The story of "Foul King" is about Dae-ho. Movie cross-reference tangent: Dae-ho played by the great Kang Ho-sung, probably better known to the Americans who read this as the wronged father Park Dong-jin in "Sympathy for Mr. Vengeance" or Detective Park Doo-man in "Memories of a Murder." He does great comedy too folks. One of his break out roles was playing an ignorant gangster leader wannabe in the comedy "Number 3", a sort of satirical look at the third-rate people that populate society.

Dae-ho is the typical downtrodden salaryman. His boss yells at him all the time, no one takes him seriously and he's treated like a chump. Despite his meek nervous exterior, he's a big fan of wrestling and one day takes the plunge to learn how to wrestle. He first starts out as the fall-guy type of role in the wrestling circuits, losing and getting beat up, but then he begins to fall into the the bad guy superstar role of the Foul King, with his mask and utility chest "belt" filled with cheating utensils.

Of course, this means the wrestling leaks out into his real life and his life changes and yadda yadda.

I highly recommend anyone hoping to watch "Nacho Libre" to also try to get a hold of "The Foul King." Both are comedies, but "Foul King" comes from a pretty sharp look at Korean society. Dae-ho lives the everyday type of boring life that most Koreans live: Frustrations with an overbearing boss, not really being able to retaliate and the pressures of having to be a decent person in a Confucian society. It seems like everyone who plays foul in Dae-ho's life gets the better of him as he suffers as the typical nice polite person society expects everyone to be. While this movie isn't saying that you have to be a terrible person to succeed, it does seem to say that life isn't fair and you have to be able to expect some unfairness and to get through that, you need to have the ability to break out of the norm.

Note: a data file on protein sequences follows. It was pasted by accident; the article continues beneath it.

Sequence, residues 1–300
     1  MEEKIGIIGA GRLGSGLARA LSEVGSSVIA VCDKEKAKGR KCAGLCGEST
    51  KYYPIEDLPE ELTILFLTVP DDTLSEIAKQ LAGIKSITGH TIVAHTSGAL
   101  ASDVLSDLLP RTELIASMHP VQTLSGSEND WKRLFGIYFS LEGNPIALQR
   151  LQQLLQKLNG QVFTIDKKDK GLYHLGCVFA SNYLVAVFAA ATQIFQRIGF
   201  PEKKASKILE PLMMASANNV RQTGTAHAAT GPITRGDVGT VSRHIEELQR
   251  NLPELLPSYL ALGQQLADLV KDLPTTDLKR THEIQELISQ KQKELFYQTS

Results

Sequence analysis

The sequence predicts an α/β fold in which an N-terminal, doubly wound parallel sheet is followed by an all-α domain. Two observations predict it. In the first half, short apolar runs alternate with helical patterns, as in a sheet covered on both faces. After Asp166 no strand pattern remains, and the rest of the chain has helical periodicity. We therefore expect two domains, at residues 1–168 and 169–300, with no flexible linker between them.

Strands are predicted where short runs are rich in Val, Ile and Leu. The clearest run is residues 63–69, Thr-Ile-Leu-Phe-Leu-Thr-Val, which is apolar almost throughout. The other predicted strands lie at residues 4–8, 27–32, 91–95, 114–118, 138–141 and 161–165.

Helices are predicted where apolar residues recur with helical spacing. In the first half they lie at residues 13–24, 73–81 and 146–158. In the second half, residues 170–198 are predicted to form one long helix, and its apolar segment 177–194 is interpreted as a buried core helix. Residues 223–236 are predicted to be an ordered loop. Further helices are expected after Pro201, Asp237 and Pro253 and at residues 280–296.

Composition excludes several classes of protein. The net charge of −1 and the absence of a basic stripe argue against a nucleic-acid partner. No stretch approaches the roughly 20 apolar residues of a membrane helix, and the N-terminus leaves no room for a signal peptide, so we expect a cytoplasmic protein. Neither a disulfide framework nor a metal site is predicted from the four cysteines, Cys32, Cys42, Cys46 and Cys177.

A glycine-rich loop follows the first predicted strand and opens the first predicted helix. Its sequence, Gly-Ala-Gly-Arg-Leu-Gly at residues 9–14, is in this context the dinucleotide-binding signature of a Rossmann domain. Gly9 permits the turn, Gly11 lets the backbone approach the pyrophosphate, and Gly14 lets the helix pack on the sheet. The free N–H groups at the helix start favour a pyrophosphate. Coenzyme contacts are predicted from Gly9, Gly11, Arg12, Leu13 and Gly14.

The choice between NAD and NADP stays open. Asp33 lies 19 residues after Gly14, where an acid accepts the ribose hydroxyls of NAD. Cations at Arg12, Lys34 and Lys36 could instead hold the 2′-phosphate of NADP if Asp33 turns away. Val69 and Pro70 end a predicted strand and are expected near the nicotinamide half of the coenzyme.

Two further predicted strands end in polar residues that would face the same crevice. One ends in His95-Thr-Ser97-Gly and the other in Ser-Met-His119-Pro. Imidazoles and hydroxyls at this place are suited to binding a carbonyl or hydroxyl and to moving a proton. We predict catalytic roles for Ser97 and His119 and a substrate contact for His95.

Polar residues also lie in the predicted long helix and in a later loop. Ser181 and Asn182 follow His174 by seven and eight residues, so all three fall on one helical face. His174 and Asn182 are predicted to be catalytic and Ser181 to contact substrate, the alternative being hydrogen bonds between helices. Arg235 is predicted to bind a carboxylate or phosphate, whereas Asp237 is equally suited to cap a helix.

Lazy Saturday

Well, I read the schedule wrong and I guess Korea's not playing until tomorrow. Either way, today's my break day.

Thursday, June 15, 2006

You like Asian movies?

The New York Asian Film Festival will be going on starting tomorrow.

The line up looks pretty good so I'm going to see if I can catch a few. I really want to catch "Cromartie High School" (cartoon/comic book is hilaaarious) and "Krrish".

There's a couple of things overlapping this weekend, though.

The Film Forum's showing "Pandora's Box" starting tomorrow (starring the ever so divine Miss Louise Brooks), Korea's playing France this Saturday, so I was going to make this Saturday my World Cup day and just watch the games for that day...but then a friend is having a housewarming party later on during this is going to require some hardcore day planning.

Sunday, June 11, 2006

Grant Morrison is super nice

Yea, yea, happy birthday to me, but that's not important.

Yesterday I stood in line at Forbidden Planet for close to 3 hours so I could get a chance to meet Grant Morrison.

I only got to meet the man for scant minutes, he was genuinely nice to me in those minutes. He didn't even seem tired for one bit though he had been there for hours signing and chit-chatting with folks. I don't know how he did it.

I ended up making a fool of myself for totally geeking out. As I walked up to him, the only words that tumbled out of my mouth was "Oh my God...I'm quietly freaking out on the inside."

Without missing a beat he answered, "Don't worry, I am too."

I didn't have any real erudite questions to ask him about his work and my mind blanked on a questions someone wanted me to ask in the moment, but I managed to somehow convey to him that "The Filth" was how I popped my Morrison cherry, running into back issues here and there, finally reading a good chunk of them at once and just buying the trade paperback. My first, and still my favorite.

I informed him that June 11 with my birthday and he signed "The Filth" with "Happy Every Birthday" and told me that it should cover me for the rest of my life. I also got my tpb of "The Invisibles: Say You Want a Revolution" signed too, but he signed "The Filth" with the special birthday message, so I'm going to delude myself into thinking that he was actually listening to what I was saying to him and chose to sign that one that way since I mentioned it was near and dear to my heart. Damn, now I just sound creepy.

Afterwards, I told people I was worried that maybe I came off all weird and geeky to him, but was then promptly informed that he probably met plenty of people who have been equally if not quite a bit more weird and awkward than I had been to him.

I also got my picture taken with him. I felt like such a nerd asking because it didn't look like anyone else was getting their picture taken with him, but I had to ask and kind squeaked "If it's not too much trouble...would you mind taking a picture with me?" and he said it was no problem at all and jumped up. He even pulled out his red-tinted sunglasses saying he'd do "the rockstar thing."